On Monday, the Ninth Circuit surprised no one and refused the federal government a stay pending appeal of the preliminary nationwide injunction of President Trump’s “Health Care Ban”, or Suspension of Immigrants Who Will Financially Burden the United States Health Care System. The U.S. District Court in Portland had issued an injunction on the rule on November 26, 2019. In implementing a stay, the federal government hoped to immediately implement the President’s October 4th proclamation, which requires impending immigrants to the United States to prove that they have a certain type of health care coverage, or that they can pay for healthcare out of pocket, in order to enter the United States.
Reflecting the chaos that is our current political climate, many partisan and non-partisan groups filed amici briefs. To the Court’s credit, it considered briefs from severn (7) groups: the American Medical Association, CASA, Disability Rights California, two immigration law professors, the National Health Law Program, several states and cities (21 states, DC, and NYC), and health policy experts.
Most of the Court’s analysis centered around its accepted definition of “irreparable harm.” In its reasoning, the Court found that: 1) the government’s harm as presented is not irreparable; 2) the government failed to prove that allowing uninsured immigrants to enter the U.S. would burden the U.S. healthcare system; and 3) the harm asserted by the government would be purely monetary, an injury which the Court does not consider to be irreparable. The panel did, however, find the Plaintiffs’ potential harm to be irreparable: prolonged separation from family members. The panel could have ended its analysis there.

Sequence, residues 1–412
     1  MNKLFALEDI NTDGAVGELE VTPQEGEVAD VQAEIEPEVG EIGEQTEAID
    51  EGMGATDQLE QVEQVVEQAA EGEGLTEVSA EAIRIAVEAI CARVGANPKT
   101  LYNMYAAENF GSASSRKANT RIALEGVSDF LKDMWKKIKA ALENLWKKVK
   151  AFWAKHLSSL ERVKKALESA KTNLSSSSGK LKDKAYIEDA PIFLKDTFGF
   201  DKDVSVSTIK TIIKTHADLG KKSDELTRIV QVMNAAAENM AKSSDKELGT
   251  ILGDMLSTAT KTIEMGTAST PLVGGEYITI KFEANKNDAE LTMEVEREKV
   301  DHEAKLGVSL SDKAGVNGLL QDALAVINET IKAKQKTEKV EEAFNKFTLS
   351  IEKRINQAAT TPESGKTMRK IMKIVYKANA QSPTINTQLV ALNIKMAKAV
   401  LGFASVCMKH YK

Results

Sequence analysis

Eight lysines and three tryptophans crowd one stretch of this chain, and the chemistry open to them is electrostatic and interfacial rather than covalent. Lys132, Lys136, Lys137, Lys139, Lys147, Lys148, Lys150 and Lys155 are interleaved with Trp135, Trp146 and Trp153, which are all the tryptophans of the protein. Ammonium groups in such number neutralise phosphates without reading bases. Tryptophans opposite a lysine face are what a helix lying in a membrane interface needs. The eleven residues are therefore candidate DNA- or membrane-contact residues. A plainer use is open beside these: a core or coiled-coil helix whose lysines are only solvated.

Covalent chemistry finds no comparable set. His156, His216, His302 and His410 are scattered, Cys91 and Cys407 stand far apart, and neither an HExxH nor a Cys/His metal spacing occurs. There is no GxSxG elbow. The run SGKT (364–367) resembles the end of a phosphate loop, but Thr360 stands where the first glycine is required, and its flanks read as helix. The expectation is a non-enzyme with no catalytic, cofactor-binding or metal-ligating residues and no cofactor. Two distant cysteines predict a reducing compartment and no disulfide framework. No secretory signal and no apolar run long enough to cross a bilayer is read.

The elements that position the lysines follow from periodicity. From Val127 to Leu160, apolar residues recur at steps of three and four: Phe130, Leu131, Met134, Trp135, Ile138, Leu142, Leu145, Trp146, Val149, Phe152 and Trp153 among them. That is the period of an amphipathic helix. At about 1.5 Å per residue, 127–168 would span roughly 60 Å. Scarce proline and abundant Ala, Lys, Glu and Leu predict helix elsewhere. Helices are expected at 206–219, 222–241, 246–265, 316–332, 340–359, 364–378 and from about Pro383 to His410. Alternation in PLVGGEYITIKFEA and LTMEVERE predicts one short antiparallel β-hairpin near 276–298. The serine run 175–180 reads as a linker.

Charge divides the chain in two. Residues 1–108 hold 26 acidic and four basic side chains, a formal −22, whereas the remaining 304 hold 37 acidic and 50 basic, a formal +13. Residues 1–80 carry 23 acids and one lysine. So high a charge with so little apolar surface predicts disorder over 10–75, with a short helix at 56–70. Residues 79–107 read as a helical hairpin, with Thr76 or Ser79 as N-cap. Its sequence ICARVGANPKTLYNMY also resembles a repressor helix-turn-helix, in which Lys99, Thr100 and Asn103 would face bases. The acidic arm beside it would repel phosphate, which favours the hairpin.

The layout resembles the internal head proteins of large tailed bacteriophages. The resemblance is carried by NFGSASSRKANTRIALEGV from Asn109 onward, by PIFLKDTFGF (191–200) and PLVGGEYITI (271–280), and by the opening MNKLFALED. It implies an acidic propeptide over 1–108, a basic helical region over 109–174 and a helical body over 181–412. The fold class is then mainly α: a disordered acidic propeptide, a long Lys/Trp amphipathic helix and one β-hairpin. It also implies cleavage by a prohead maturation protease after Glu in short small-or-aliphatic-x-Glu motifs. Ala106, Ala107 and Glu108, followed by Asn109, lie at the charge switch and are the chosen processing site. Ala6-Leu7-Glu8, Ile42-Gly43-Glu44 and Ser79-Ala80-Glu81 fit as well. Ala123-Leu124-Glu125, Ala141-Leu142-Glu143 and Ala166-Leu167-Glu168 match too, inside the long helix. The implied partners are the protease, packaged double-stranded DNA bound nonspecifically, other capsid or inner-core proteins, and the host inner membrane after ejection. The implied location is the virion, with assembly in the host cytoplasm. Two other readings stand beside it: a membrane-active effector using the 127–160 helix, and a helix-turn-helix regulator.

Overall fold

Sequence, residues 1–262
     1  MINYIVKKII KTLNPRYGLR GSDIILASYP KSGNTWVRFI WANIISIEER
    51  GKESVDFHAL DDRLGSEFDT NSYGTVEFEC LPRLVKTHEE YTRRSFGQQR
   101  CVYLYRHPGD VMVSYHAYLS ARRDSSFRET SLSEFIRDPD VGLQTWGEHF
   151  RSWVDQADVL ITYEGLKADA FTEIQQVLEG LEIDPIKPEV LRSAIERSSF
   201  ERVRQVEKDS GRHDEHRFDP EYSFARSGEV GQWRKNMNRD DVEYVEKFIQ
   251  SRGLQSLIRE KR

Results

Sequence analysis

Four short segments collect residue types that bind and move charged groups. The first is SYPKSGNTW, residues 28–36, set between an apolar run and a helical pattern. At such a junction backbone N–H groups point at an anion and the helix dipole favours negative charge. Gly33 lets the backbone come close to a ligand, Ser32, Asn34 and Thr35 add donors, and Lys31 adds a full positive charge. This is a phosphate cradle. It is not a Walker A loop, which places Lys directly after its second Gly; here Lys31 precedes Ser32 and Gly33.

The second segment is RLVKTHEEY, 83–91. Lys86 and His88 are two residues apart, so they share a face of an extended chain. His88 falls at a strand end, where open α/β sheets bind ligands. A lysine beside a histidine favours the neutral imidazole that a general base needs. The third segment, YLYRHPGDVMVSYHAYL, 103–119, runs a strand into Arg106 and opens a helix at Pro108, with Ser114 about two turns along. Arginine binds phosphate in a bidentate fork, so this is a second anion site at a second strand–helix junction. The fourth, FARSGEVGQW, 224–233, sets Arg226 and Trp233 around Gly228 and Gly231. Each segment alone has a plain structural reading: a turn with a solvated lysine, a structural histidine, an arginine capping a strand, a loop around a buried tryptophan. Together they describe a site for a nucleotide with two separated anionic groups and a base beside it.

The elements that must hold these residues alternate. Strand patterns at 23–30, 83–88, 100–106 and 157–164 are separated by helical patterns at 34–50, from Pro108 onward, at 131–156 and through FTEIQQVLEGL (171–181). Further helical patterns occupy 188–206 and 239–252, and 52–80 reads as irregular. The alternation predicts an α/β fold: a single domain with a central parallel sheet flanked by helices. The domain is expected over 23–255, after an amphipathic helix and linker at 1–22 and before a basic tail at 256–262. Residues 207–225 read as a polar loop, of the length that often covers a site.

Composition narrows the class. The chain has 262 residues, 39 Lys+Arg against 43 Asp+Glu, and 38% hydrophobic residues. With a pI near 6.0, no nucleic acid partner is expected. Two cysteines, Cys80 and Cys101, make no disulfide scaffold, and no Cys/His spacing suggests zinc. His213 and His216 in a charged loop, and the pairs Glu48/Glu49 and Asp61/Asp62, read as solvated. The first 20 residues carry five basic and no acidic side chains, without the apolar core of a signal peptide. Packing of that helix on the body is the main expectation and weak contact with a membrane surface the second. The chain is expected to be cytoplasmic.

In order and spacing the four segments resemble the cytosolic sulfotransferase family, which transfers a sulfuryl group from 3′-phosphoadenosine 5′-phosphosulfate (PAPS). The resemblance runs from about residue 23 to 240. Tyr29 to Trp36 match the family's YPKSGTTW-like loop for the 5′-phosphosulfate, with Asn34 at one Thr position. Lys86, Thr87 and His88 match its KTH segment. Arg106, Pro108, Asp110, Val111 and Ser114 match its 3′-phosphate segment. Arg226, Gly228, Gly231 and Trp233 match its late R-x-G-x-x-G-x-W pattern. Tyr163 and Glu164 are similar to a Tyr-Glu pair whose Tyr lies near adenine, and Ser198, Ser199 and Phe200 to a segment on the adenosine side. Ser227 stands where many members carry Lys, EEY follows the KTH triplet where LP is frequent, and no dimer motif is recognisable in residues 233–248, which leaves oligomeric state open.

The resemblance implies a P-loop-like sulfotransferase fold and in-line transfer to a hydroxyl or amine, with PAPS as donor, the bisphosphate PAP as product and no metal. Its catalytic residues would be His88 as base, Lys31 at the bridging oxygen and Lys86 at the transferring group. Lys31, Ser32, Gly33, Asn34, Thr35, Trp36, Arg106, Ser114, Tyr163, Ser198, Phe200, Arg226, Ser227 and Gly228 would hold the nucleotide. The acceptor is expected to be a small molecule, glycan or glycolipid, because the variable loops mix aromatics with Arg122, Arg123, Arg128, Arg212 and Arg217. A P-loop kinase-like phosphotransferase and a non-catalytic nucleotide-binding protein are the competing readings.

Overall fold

But Ninth Circuit can’t stop won’t stop. The Court further opined that the federal government had failed to show a strong likelihood of success on the merits. Nor had the government shown a strong likelihood of success on the Plaintiff’s claim that the President Proclamation conflicts with VAWA, the Affordable Care Act, and the “public charge” provision of the INA. Plus, the Plaintiffs were likely to succeed on their contention that the Presidential Proclamation is not viable under 8 U.S.C. Section 1182(f) because: 1) the perfunctory time limits do not comport with the statute; and 2) the statute does not give the President limitless power based on economic interests only.
According to the Court, the Plaintiffs aren’t the only ones that would be irreparably harmed. One mustn’t forget twenty-one (21) American states, the District of Columbia, and the City of New York, all of whom filed amici briefs. Plus there’s the public interest, which lies in maintaining the status quo of the U.S. immigration system while the appeal is pending.
Last, but certainly not least, the Court found that the district court had not erred in granting the injunction nationwide. The class in this case is nationwide, and so must the injunction be.
Stay tuned for the continuing firestorm that is U.S. politics, as clearcut as your shampoo routine: Step 1. Issue presidential proclamation or executive order; Step 2. File complaint in federal court; Step 3. appeal, appeal, appeal; 3. Repeat. Throw in some motions for injunction and stay for funsies.